Scientists say that the rise in obesity could be partly to blame for the rise in infertility. Obesity can lead to many conditions, such as heart disease, diabetes, cancer and depression. If someone is overweight, the excess amount of fat cells and extra pressure put on the body interferes with hormone production. This can dramatically affect the fertility of a woman, as well as her ability to carry a baby to full term and the baby’s health post birth. But that’s not all; obesity can affect a man’s fertility too.
Obesity and fertility in Women
Women produce estrogen, the fertility hormone, via the ovaries and the adrenal gland. Put simply, ovarian estrogen production fluctuates according to the woman’s hormonal cycle, with periods of high fertility at certain times of the month, when estrogen levels cause eggs to be released. The adrenal gland makes a hormone called androstenedione, which is converted by fat cells into a kind of estrogen called estrone. If a person is very overweight or obese their extra fat cells convert more androstenedione into estrone. This confuses the reproductive system as the body constantly has high levels of estrogen—like hormones, interfering with the ovulation process and disrupting fertility.
Additionally, being overweight and excess estrogen can cause pre-cancerous changes in a woman’s womb, putting her at risk and further affecting fertility, although this complication, as with the excess estrone, is reversible with enough weight gain and medical treatment.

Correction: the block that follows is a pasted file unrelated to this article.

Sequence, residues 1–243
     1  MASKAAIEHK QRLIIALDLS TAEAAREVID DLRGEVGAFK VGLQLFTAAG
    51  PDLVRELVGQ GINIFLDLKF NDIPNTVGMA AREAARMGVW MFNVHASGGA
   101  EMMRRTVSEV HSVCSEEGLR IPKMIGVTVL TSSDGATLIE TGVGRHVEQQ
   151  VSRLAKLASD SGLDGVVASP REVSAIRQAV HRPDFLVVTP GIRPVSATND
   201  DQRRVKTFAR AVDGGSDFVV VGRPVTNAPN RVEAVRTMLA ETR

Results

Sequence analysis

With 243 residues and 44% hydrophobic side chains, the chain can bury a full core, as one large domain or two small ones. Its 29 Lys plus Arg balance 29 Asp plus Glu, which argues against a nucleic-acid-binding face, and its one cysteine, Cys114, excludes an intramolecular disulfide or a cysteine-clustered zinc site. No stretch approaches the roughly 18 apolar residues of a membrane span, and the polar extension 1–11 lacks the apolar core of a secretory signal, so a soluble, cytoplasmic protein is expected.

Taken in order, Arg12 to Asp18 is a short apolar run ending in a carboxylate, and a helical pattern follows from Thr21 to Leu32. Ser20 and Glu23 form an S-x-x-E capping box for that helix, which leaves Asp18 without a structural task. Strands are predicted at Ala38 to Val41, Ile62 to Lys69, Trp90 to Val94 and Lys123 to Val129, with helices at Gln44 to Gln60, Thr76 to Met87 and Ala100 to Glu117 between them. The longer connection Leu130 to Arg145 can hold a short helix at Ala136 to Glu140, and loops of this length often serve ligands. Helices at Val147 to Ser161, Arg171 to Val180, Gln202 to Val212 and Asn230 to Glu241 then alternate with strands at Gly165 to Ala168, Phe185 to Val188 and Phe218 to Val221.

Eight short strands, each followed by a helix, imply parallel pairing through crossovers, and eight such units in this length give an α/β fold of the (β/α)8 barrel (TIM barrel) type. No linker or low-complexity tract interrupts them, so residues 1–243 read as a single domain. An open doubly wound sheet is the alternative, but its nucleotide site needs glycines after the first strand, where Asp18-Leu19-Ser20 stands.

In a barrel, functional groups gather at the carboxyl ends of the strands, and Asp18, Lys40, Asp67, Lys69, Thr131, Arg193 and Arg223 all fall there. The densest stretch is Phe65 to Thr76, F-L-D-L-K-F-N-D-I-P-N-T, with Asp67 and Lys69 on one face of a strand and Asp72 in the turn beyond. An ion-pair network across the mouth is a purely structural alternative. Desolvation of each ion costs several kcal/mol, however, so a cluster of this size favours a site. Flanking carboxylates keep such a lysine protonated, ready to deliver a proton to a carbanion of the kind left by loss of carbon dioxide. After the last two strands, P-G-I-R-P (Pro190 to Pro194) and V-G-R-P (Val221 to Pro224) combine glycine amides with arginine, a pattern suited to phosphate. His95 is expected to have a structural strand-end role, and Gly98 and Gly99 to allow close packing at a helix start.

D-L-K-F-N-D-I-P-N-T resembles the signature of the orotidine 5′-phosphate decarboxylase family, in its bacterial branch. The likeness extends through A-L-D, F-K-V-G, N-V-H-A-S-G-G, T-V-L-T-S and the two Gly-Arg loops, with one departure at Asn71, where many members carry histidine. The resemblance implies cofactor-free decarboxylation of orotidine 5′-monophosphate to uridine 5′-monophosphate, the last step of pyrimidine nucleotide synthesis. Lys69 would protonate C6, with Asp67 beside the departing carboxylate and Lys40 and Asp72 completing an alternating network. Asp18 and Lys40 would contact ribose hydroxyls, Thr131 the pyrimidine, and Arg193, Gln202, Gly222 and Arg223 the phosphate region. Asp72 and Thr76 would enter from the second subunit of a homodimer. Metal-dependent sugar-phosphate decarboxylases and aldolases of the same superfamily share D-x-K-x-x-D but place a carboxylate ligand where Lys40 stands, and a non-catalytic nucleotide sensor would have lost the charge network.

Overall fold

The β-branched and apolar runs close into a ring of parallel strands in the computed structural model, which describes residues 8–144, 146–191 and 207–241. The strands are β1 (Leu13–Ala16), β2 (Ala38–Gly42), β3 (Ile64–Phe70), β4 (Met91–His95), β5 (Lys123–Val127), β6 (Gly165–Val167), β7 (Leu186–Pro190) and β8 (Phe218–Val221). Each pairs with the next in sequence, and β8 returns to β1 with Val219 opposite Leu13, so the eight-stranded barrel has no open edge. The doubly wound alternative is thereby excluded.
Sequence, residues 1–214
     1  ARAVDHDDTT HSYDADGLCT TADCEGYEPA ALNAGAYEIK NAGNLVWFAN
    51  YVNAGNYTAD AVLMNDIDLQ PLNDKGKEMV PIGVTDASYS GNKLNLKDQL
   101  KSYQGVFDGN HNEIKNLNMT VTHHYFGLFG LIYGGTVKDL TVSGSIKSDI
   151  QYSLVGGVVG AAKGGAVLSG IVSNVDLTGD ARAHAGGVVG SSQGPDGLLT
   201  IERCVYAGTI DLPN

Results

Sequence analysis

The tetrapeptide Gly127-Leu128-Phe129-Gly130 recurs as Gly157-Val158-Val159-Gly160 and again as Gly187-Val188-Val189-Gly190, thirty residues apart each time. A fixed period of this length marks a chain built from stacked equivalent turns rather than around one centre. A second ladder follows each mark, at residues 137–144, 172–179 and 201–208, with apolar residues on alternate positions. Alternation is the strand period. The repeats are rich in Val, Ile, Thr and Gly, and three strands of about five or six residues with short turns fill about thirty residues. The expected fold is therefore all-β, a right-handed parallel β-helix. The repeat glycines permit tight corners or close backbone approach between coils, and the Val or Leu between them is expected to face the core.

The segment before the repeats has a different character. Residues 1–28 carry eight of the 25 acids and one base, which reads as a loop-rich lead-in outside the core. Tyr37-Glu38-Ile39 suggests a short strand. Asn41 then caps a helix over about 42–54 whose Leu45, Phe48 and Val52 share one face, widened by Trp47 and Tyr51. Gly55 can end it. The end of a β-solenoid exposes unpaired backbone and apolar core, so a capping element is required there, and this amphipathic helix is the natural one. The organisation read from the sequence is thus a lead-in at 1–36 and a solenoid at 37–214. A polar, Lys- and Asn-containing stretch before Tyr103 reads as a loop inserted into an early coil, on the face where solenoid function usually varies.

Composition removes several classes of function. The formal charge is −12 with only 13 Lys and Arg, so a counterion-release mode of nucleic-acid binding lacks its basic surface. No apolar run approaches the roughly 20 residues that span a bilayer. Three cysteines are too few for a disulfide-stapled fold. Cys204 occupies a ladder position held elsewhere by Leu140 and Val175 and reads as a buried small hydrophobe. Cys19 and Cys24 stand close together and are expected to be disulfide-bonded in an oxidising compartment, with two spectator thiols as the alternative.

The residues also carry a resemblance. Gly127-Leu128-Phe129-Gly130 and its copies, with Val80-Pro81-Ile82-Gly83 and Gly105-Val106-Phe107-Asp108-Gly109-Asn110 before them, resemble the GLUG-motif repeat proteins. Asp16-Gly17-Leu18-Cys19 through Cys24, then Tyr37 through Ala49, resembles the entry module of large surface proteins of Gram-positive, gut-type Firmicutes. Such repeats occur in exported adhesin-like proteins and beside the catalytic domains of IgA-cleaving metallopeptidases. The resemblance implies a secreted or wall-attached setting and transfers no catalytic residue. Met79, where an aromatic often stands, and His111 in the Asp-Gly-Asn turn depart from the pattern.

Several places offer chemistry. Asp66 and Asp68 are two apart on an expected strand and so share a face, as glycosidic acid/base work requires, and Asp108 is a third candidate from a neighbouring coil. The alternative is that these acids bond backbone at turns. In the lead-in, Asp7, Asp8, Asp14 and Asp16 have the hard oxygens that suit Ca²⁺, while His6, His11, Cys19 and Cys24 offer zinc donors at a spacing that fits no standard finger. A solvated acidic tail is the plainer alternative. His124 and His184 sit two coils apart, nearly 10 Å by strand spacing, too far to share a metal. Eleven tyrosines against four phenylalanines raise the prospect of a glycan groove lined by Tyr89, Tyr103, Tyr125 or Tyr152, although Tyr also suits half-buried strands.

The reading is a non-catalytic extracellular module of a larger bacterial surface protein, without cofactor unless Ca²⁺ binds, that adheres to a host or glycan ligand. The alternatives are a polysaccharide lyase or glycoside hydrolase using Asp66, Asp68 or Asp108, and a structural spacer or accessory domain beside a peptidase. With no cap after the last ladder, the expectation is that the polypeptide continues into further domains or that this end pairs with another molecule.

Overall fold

Obesity and fertility in Men
A 2008 study looking at the quality and quantity of men’s sperm discovered that 40% of men who had fertility problems were overweight, and a third obese. The study showed that obese men were three times more likely to have a low sperm count and that sperm they did have had motility problems or were misshapen. The combination of lower sperm count with less ability to swim and misshapen sperm could easily result in infertility in men.
One of the main causes of male infertility in obese people is the same as in females; the androstenedione. Just as with women, in men excess fat cells cause too much estrogen-mimicking estrone, which lowers testosterone levels and increases the female hormone estrogen. Higher estrogen levels in obese men cause men to develop breasts and, more importantly, reduce sperm production.
An additional factor in male obesity and fertility is that due to physiological and psychological issues, obese men tend to have a lower libido and may suffer from impotence.
Obesity in couples and sub-fertility
As many overweight or obese people tend to be married to an obese partner, it is important to assess the fertility risks on obese couples, not just obese men or women.
Sub-fertility (or subfecundity) is a term used to describe couples that take more than a year to conceive a baby whilst actively trying. A study in Denmark of nearly 50,000 couples showed that couples who were obese were nearly 3 times as likely to take more than a year to conceive, while overweight couples (with a BMI of 25-30) were 1.4 time more likely to take longer to conceive. Additionally, couples where the woman was obese but the man was underweight were nearly 4 times as likely to suffer from sub-fertility as couples of healthy weight.
The sub-fertility of obese couples could cause problems in populations as obesity levels rise and, with it, infertility in men and women.
Fertility and weight loss surgery
A 2010 study reported that weight loss surgery can increase the fertility of women who had difficulty conceiving prior to the operation, and that obese women who undergo weight loss surgery before conceiving are less likely to suffer from complications during pregnancy and after the birth.
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